Kneel down and pray, victim told

By Don Farmer

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A bizarre train of events that led to a Greytown student assaulting a classmate in a cemetery has resulted in the attacker being convicted and warned he could be facing an electronically monitored punishment when sentenced on July 11.

Anthony Sene Faafoi,18, pleaded guilty to the cemetery bashing and to a further unrelated charge of unlawfully taking a vehicle.

Prosecutor Sergeant Garry Wilson said on the morning of March 1, Faafoi and a student who suffers from Asperger's Syndrome were among those attending a basic computer and English course at the YMCA in Masterton.

Faafoi approached the other young man and told him to come with him to Queen Elizabeth Park as he wanted to show him a grave in the old cemetery behind the park. Faafoi said there was a grave there that, if you looked at it and counted to 10, "something would happen".

When the two arrived at the grave, the victim of the later assault was told to kneel down, close his eyes and hold his hands together "as if he was praying".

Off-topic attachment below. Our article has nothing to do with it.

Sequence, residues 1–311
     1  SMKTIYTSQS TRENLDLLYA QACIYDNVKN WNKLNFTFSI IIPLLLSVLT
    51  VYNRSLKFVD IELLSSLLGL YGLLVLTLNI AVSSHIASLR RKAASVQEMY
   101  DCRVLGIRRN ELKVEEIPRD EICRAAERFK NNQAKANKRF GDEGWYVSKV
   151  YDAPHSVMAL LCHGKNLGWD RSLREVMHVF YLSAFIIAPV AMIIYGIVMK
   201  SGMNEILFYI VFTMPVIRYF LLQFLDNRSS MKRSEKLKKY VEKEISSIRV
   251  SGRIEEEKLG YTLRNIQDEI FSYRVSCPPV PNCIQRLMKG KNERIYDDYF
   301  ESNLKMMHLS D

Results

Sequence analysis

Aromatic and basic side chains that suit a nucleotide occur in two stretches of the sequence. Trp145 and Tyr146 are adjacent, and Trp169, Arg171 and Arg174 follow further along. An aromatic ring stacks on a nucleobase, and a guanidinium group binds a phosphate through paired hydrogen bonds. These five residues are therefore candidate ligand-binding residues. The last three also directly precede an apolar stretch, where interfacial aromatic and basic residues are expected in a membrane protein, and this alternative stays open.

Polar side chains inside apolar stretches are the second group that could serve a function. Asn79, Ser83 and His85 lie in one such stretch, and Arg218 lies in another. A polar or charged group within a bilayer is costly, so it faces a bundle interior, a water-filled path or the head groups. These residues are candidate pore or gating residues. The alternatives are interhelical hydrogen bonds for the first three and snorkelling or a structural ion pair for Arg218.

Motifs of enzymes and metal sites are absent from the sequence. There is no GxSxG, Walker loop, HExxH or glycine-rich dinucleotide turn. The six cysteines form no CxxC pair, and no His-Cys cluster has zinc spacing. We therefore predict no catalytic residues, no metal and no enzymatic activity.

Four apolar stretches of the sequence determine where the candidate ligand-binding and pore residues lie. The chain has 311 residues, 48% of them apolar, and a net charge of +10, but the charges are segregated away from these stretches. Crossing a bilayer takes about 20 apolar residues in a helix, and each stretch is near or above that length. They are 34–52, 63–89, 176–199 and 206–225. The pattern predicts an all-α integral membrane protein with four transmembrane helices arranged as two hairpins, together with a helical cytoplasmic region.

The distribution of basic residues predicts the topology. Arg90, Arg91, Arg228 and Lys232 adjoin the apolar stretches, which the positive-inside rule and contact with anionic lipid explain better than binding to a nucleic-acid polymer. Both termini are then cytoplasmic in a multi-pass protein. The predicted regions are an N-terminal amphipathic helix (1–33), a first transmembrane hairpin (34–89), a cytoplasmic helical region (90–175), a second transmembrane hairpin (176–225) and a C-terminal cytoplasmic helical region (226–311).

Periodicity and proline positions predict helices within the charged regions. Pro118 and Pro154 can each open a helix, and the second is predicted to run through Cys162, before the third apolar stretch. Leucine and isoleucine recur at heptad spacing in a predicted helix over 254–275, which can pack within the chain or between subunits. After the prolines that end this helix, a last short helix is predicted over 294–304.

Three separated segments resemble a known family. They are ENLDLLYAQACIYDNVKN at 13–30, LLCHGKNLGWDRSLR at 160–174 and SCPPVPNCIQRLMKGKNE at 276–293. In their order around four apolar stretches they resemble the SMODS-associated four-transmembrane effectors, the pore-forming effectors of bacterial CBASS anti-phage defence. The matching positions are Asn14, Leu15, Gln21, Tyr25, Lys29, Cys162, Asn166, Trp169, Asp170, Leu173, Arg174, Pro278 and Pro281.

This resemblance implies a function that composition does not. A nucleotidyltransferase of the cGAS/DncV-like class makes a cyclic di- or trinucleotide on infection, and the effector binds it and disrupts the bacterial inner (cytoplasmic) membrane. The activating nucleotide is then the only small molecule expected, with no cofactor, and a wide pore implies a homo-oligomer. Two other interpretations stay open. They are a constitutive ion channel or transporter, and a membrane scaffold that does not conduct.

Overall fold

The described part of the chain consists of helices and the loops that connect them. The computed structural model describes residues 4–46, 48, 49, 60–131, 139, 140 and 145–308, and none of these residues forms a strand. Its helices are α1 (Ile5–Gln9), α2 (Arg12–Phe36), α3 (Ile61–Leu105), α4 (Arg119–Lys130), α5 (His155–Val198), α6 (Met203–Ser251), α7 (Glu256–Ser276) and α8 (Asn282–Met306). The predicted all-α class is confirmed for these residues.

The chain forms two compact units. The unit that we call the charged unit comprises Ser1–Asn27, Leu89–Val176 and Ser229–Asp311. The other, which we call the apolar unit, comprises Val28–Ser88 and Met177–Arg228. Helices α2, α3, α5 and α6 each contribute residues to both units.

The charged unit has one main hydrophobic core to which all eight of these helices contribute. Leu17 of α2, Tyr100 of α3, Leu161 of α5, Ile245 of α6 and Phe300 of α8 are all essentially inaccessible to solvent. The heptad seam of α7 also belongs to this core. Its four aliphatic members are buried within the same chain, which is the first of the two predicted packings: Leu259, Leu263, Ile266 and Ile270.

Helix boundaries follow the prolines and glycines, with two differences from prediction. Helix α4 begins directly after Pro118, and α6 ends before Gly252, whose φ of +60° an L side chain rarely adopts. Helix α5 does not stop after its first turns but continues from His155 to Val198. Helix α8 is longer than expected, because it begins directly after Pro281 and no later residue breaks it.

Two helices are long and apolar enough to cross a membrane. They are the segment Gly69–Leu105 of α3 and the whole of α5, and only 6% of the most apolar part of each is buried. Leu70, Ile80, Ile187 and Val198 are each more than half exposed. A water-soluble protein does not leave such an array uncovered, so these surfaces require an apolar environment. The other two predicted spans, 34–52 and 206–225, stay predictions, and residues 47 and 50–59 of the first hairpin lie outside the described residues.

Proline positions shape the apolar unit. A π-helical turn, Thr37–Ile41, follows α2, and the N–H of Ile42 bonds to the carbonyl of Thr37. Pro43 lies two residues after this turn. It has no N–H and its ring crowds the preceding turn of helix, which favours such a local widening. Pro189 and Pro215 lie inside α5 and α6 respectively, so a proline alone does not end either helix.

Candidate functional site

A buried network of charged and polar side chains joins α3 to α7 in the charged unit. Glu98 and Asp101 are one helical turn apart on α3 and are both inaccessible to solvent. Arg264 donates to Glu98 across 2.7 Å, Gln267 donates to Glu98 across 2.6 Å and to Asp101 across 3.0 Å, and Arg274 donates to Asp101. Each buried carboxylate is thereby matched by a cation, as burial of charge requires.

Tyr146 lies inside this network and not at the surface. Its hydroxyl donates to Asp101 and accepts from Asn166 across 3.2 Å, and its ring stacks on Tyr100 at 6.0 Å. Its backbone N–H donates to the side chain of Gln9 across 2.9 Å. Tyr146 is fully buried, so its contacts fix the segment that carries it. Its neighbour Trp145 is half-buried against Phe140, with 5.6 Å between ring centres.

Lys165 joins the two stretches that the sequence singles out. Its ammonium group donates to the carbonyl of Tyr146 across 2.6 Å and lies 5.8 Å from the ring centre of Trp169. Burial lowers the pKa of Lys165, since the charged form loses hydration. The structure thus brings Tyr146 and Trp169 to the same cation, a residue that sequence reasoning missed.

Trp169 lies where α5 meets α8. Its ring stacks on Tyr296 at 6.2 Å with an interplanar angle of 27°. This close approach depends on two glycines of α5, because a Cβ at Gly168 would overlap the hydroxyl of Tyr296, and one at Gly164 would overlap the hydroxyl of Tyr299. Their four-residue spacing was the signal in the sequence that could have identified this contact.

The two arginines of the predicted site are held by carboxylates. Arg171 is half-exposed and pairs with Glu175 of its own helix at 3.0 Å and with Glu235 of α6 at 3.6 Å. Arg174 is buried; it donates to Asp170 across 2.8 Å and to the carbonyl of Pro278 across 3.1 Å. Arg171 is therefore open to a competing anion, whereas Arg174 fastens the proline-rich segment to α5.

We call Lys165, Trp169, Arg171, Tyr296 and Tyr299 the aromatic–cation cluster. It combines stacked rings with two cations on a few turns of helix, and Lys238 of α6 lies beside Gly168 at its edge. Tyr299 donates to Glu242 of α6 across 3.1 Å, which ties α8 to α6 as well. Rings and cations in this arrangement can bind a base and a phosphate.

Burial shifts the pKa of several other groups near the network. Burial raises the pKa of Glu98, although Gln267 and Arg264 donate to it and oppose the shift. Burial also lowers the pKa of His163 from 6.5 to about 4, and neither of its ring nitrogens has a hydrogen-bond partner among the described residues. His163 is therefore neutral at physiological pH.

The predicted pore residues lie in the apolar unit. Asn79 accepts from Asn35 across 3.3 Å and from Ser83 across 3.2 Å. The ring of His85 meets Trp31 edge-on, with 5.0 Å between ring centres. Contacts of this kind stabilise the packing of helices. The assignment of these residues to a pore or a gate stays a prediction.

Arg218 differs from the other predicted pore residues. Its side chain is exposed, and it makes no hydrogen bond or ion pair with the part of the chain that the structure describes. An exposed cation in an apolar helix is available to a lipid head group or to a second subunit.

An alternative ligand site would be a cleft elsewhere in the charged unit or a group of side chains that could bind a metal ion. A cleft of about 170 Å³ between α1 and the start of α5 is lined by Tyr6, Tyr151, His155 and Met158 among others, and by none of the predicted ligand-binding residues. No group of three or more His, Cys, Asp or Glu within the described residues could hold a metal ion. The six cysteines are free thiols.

He did so and Faafoi then started counting. When he got to nine, Faafoi suddenly kicked the kneeling man in the chest.

The man toppled over but got up only to be punched on the back of his head, falling to the ground.

He was then punched again on his forehead and mouth as he lay on the ground and when he again got up Faafoi punched him in the eye at the same time demanding to know why his victim had given his name to police.

He told the injured man not to tell anyone what had happened and to say, if questioned over his injuries, he had fallen over.

The injured man was left with a cut eyelid, bruised chest and bruised mouth.

When police later spoke to Faafoi he told them he had taken the man to the cemetery to give him "a hiding" as the man had given him cheek on earlier occasions and had passed his name to police when he was suspected of shoplifting.

Regarding the unlawful taking of a car, Faafoi pleaded guilty to taking the vehicle from the home of a Greytown man he occasionally helped shift furniture.

He had, unknown to the vehicle's owner, taken the spare key and on a later day when the owner was not home had taken the car from the driveway, down to the Waiohine River to do "drifts" in loose gravel.

He later picked up a friend and returned to the river to do the same again but was seen returning the car at 3.30pm.

The car was badly scratched but the owner was not seeking reparation for the damage.

Judge Bill Hastings remanded Faafoi on bail until July 11 for sentencing and said he was considering the possibility of an electronically monitored sentence.


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